The model run time is for a 10-year period (from 2004 until the end of 2013). Model results demonstrate that end-member excess pressures of 0.008–0.2 MPa develop across the faults in areas where earthquake activity exists depending on model parameters. We find that higher pressures form along the fault for model runs where the Ellenburger contains laterally a continuous high-permeability zone bounded by lower permeability rock and a lower permeability fault. To test the role of the faults, we also ran the model with no faults. For this, we observe excess pressures in the earthquake region that are usually within 50–90% of values observed for model runs where faults exists (Supplementary Fig. 9). This implies the location and volume/pressures of injectors and producers are more important factors defining the subsurface pressure regime than the current fault permeability values prescribed in the model.
Compressibility and specific storage uncertainties. Although we vary compressibility and reservoir-specific storage for different model runs, the compressibility/specific storage for each model run is held constant throughout. Variations in calculated specific storage may change by an order of magnitude, and we find that this uncertainty may result in a 10–15% change in pressure along the fault (Table 1). Future work should base compressibility/specific storage on actual measurements for porous Ellenburger from the region, if available.
Although we vary the permeability of the Ellenburger by up to three orders of magnitude, each individual reservoir model assumes a mean effective permeability that is isotropic in different geological units except at the fault locations. In reality, it is likely that significant anisotropy may exist due to orientation of fractures in the subsurface. Future models should account for the orientation and magnitude of permeability anisotropy in the Ellenburger formation and surrounding faults/units once such data become available. Conversations with industry experts indicate that tremendous heterogeneity exists in the Ellenburger over short (<m) depth intervals. 3D seismic analysis of the Ellenburger indicates significant heterogeneity exists along polygonal fracture zones20,21; fluid flow along higher permeability polygonal fractures could result in high pore-pressure development along the NEFZ relatively rapidly, since the flow would be channelled and more focused than the model suggests. Model runs where we supply a thinner zone (300 m or less) of high and more focused permeability material in the Ellenburger (which might represent a karst-like feature that exist in this formation) results in significant pressure changes at the fault, with pressures as much as a factor of 4 higher. Currently, the mean effective thickness of the flow zone in the Ellenburger is poorly constrained at this site, and as a conservative approach, we assume it is isotropic and thick, with uniform permeability throughout the entire 1,000 m Ellenburger formation. Tracer tests provide one valuable approach to constrain flow path, effective permeability and Ellenburger production rates at producer wells, and such tests should be considered in the future.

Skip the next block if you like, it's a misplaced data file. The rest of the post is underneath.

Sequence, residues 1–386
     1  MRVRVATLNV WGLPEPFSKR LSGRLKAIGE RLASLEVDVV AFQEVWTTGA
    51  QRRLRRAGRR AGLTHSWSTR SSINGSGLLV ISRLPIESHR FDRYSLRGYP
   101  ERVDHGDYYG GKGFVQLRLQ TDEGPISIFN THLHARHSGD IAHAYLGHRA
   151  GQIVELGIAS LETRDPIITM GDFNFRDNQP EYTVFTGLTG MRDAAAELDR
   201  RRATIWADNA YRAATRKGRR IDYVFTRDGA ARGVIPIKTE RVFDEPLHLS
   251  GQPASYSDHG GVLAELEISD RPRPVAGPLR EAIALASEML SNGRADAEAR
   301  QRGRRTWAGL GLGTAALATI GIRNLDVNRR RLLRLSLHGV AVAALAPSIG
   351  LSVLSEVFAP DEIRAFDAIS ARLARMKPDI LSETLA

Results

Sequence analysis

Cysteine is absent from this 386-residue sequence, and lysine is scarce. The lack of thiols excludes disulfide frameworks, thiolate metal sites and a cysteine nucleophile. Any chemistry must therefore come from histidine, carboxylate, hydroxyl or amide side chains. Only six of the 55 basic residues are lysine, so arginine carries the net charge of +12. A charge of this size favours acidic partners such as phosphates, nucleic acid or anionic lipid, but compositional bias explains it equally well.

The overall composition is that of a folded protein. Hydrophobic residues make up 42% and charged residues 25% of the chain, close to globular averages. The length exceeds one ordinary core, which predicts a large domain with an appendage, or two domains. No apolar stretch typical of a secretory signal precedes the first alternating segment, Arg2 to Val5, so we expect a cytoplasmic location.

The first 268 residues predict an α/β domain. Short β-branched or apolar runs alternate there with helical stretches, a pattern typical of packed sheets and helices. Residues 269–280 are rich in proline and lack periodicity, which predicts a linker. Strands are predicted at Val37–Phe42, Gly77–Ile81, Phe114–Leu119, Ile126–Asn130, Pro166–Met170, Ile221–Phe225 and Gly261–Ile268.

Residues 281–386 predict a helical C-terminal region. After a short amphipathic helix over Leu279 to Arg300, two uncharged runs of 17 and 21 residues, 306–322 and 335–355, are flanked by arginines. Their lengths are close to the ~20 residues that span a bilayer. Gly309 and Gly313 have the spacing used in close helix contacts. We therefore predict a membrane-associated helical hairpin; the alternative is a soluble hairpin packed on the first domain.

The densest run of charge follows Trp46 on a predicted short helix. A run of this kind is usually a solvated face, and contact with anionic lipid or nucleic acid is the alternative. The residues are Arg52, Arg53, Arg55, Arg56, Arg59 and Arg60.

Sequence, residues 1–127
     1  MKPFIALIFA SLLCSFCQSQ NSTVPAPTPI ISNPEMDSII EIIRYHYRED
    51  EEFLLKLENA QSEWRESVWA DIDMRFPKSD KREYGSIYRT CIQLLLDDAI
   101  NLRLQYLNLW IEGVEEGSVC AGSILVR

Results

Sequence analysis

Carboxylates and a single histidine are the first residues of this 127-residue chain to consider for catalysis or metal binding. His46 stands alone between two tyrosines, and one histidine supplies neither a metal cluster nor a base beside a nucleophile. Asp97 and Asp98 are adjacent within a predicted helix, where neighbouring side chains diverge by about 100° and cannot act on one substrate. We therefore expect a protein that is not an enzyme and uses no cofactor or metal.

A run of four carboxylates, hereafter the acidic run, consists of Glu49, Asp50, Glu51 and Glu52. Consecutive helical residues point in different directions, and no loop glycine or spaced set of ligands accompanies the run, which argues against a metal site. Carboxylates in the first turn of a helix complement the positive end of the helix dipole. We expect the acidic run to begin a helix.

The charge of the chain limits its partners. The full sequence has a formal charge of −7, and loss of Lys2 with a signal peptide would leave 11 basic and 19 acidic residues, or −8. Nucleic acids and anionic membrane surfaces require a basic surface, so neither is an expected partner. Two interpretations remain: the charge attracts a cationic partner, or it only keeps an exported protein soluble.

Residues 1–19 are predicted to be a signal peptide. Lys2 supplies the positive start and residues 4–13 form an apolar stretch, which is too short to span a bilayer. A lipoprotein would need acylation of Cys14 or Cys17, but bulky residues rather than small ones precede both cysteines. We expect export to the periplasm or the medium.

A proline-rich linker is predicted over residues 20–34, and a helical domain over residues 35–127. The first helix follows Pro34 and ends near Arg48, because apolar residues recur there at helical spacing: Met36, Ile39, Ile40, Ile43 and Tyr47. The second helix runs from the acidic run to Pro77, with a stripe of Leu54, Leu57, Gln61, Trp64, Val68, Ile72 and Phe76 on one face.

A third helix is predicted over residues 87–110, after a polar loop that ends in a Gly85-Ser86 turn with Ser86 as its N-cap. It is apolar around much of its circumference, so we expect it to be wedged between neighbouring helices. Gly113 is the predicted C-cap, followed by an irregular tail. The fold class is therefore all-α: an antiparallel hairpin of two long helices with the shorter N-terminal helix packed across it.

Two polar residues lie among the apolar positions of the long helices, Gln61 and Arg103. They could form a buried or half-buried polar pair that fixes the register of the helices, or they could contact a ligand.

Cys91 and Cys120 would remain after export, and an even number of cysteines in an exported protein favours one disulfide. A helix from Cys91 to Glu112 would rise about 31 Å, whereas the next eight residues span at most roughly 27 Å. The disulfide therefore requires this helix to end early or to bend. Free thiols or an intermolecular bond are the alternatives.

In addition, a less expensive, yet valuable approach for assessing effective permeability as well as the potential for induced seismicity due to oil and gas activities is through 24 h shut-in tests at injector wells. Such shut-in periods can be used both to estimate regional permeability near each injector well via the Cooper–Jacob Method and to determine if background in situ bottom-hole pressures are changing significantly with time. Annual 24-h shut-in tests or required pressure measurements during shut-in for maintenance would provide potentially critical insight into wastewater reservoir pressure changes with time that may lead to induced seismicity.